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Here it is, what you haven’t been waiting for!! It is the Final Review of SXSW 2022. But wait, two of you say, it is only Friday, surely, what happened to your imaginary Saturday. Well, there have been a number departures for SXSW in 2022. A massive rise in hip/hop/rap acts. A substantial increase in the number of local bands. A sadly considerable decline in international acts, especially from the European mainland. And. Understandable, given all of the aforementioned changes, a ditching of the “Only one formal showcase” rule. As such many bands played two showcases, a lot played three and some of the hyped acts played four official showcases. As a result, as many of these repeats were on Friday and Saturday, I have decided to combine the last two days into one final two day review, highlighting only new bands first showcase of the week.

Enough!!! To the music….


There is always a few acts that you find out about and look forward to who just don’t play SXSW for one reason or another. One day I will compile a review of bands who have done this. But given I also did not show up this year, I felt it hypocritical not to include at least one no show. So…. They Said: The LA-based witchy poet of pop music, Bitch, is back. Musically, this is pop at its most bouncy and playful with synthesizers and drum machines that feel carbonated like a can of La Croix or a bottle of bubbly. From the initial pop of the cork, you’ll feel the uncontrollable urge to dance to this power anthem (even if it’s just a wiggle in your seat). It’s intoxicating and can lighten anyone’s day. As the pop coven gather next to her, they take flight with ethereal gestures, popping shoulders, and brooms of their own. I Say: A standout pop anthem from SXSW 2022 that never happened. Must be lighting up clubs all around the world.

Big Bill

An Austin band takes the accolade for worst band title of SXSW 2022. They Say: Big Bill is known for their chaotic live shows and ironic take on punk rock. Embracing an ethos of profundity through absurdity, Big Bill takes deadly serious the perspectives of the unsatisfied, the overworked, the unfairly (or perhaps fairly) misaligned. I say: Wild, mad, bunches of three minute power pop nonsenses.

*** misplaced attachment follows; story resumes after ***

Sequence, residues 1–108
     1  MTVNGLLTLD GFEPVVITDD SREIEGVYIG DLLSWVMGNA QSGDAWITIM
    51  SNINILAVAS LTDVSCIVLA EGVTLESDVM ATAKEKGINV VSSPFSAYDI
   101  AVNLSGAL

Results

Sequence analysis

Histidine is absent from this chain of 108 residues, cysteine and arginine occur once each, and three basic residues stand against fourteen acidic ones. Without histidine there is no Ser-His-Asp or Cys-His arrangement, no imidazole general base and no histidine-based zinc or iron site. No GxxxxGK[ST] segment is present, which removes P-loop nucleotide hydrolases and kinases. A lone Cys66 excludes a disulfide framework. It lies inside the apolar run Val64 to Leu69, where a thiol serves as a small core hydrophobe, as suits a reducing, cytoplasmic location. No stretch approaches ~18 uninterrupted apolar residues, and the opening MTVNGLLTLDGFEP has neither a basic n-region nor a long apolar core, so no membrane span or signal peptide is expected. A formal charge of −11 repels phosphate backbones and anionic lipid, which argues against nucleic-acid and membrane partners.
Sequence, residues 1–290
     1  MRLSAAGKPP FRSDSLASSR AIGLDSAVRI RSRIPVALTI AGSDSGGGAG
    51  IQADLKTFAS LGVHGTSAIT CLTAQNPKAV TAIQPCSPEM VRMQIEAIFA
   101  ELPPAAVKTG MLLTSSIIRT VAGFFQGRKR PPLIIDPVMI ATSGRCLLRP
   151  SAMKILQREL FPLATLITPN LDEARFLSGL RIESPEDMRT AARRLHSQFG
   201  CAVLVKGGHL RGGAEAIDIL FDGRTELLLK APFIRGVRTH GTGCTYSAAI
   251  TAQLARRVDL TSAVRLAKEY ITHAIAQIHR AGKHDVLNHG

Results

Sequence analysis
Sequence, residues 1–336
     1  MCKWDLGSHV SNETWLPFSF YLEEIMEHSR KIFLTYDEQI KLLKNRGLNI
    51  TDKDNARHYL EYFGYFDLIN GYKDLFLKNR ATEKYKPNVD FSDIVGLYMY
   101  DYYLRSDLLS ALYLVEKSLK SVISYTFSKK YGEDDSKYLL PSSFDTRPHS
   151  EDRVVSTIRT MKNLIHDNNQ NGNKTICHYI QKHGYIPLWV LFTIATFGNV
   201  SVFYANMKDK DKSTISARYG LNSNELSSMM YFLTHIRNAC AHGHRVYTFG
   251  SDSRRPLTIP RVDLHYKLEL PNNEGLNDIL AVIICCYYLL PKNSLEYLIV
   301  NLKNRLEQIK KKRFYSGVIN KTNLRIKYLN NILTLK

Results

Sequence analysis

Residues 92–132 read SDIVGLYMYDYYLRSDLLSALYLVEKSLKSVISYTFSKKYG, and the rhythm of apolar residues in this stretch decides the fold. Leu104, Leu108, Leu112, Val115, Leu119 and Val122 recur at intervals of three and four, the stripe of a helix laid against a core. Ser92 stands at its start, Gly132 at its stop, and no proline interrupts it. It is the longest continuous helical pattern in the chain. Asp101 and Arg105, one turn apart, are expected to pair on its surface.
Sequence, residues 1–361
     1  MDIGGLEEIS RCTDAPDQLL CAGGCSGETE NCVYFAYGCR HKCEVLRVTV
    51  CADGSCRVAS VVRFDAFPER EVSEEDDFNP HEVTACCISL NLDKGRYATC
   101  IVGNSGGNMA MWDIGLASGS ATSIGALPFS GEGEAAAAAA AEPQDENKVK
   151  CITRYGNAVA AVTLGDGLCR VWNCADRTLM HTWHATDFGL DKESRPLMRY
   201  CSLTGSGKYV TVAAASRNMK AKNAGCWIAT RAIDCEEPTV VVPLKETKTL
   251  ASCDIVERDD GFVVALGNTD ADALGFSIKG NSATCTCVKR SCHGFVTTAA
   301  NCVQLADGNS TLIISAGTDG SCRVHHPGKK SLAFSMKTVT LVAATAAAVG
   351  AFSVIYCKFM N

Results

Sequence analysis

Riley Downing

The USA dominating the final days, to Missouri…. They Say: You may know Riley Downing from his work with acclaimed New Orleans combo the Deslondes. This singer-songwriter’s ability to set gripping, evocative narratives within soundscapes that weave together country, blues, folk, r&b, bluegrass, rock, soul and whatever else catches his ear is something that, once you hear it, is hard to shake free from. Same goes for that voice – deep, dusty and drawling, it’s an instrument that can stop you in your tracks with its character and expressiveness, as well as through Downing’s knack for laying out complex emotions in plainspoken, direct language. I Say: Hard to explain how they missed the words “gravelly voice” in that.

The Mary Veils

Four bands in and the final days would be piping hot. They Say: From Philadelphia, The Mary Veils are finally the band they were always supposed to be. A fully-fledged, incendiary punk four-piece. I Say: Like their songs the bio is to the point, more sixties driven rawk.


I would have been on about my eighth chicken taco by now. They Say: Blood is a band based in Philadelphia whose beginnings can be traced to lead singer Tim O'Brien's Austin bedroom. After years of performing poetry and singing in experimental projects, Tim took to the bedroom with the sole intention of making a tape for his best friend and has become a constant in the bijou punk scene of the southern music capital. Considered a must see live act by Austin music goers, Blood consistently shirks genre while at all times operating in a state of unshakable urgency. The band considers themselves to be one of many telling the drawn out, ultimately lonely, sad story of pop music in an ending world. I Say: Sounds like Conor Oberest (Bright Eyes) got himself all mad and punkified. Sounds great too.

Silver Synthetic